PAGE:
Summary: RAID data recovery is a process of restoring lost or deleted data from a broken, crashed, degraded, formatted, or corrupt and inaccessible RAID array volume(s). In this guide, we will take you through a step-by-step guide to perform RAID 0, RAID 5, and RAID 6 data recovery in your organization safely—without using any hardware RAID controller.
RAID arrays are an advanced storage solution that assures data safety in an organization and helps maintain business continuity. However, this doesn’t mean RAID-based storage solutions such as NAS are failure-proof.
While some popular RAID configurations like RAID 5 and RAID 6 can withstand up to one or two disk failure respectively, they can’t protect against logical failures often caused by hardware or software failure and human errors.
Accidental deletion, virus or malware infection, sudden system shutdown, power surges, controller malfunction, disk errors, etc. are some common errors that can lead to data loss from a Redundant Arrays of Independent Disks (RAID).
A common misconception and popular belief about RAID arrays is that the data on RAID doesn’t require backup. But the fact is that RAID is nor a backup neither an alternative to backups, and data on RAID requires backup.
RAID data recovery is a tedious process and requires expert solutions and help. In this guide, we will help you get back every bit of recoverable data from popular RAID arrays without using any hardware RAID controller.
The software we are using is Stellar Data Recovery Technician—by Stellar®, a pioneer in providing expert data care solutions with over 25 years of experience.
This powerful RAID data recovery tool can reconstruct a broken or corrupt RAID for data recovery even if the critical RAID parameters—required for RAID rebuild—are unknown.
To recover lost or deleted data from a missing or deleted RAID volume, follow these steps:
Rebuilding a broken, crashed, or corrupt RAID is nearly impossible. A failed RAID requires reconstruction from scratch after formatting all RAID drives in the array. However, before rebuilding your broken RAID array, you can recover your data from the RAID by using Stellar Data Recovery Technician.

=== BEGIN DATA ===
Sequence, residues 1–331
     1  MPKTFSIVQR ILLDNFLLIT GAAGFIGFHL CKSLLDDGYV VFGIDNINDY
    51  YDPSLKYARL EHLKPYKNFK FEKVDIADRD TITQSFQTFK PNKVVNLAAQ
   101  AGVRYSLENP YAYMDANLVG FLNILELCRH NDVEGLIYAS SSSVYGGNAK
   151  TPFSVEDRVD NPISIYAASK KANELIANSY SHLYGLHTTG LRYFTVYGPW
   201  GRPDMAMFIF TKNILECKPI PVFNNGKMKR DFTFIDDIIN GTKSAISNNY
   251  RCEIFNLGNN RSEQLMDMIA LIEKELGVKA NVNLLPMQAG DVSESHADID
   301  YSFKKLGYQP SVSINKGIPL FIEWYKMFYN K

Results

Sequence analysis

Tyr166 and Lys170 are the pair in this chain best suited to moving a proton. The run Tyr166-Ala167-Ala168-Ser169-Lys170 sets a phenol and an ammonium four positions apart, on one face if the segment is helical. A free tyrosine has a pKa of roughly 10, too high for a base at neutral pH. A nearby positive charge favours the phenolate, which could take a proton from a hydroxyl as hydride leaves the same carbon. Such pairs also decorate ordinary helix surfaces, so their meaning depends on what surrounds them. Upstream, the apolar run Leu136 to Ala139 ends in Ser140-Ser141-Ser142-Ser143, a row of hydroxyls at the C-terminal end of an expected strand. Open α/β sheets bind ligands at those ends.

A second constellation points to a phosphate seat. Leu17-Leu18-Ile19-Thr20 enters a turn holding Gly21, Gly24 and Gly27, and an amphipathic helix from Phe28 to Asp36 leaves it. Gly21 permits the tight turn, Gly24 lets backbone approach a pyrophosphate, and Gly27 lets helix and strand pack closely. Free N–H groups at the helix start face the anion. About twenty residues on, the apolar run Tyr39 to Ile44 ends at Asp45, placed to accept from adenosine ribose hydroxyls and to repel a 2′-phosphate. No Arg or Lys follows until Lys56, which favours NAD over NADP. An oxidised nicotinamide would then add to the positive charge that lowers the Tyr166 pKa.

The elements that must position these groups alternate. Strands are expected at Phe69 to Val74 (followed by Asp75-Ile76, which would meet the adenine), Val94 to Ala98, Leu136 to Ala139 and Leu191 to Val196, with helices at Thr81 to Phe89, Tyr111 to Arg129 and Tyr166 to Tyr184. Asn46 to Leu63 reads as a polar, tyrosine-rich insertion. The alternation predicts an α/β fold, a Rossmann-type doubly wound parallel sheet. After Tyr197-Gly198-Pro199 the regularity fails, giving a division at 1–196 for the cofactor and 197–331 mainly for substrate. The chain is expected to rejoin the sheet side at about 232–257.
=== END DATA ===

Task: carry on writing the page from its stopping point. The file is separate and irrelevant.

The powerful RAID data recovery software can rebuild virtual RAID—even if RAID parameters are unknown or not provided—and facilitates data recovery from a failed, broken, and crashed RAID 0, RAID 5, and RAID 6 arrays.
Follow these steps to recover data from a logically broken RAID,
TIP: Choose ‘Monitor Drive’ to check the SMART status and disk health of your connected RAID drives. If the health is poor or SMART status displays a warning sign, immediately stop and clone the affected disk.
IMPORTANT NOTE: In case the RAID volume is not displayed in the list, skip to the next section for the Steps to recover data from missing RAID volume.
Sometimes, due to severe corruption or logical error, you may lose access to one or more RAID partitions in an array. In such a case, you don’t have many options but to reformat the lost volume in order to regain access to it. However, before regaining access, you can leverage the Stellar Data Recovery Technician to recover data from the lost partitions,
After launching Stellar Data Recovery Technician, choose files to recover and then select ‘RAID Recovery.’
RAID data recovery is possible with backup and enterprise RAID data recovery solution such as Stellar Data Recovery Technician. Data loss from RAID can happen due to reasons such as accidental deletion, malware or virus infection, power surge, and more.
In such situation, you can utilize your RAID backups to restore lost files and data. And in the absence of backup, use a powerful DIY RAID data recovery software from Stellar®.
The software can help you recover deleted files from RAID 0, RAID 5, and RAID 6 arrays and facilitates data recovery from a degraded, crashed, failed or corrupt RAID arrays.
This DIY RAID recovery software works even when you don’t know or forget the critical RAID parameters required for RAID reconstruction. Leverage the software in your organization to recover data lost from a RAID 0, RAID 5, and RAID 6 array without those expensive hardware RAID controllers with complete privacy.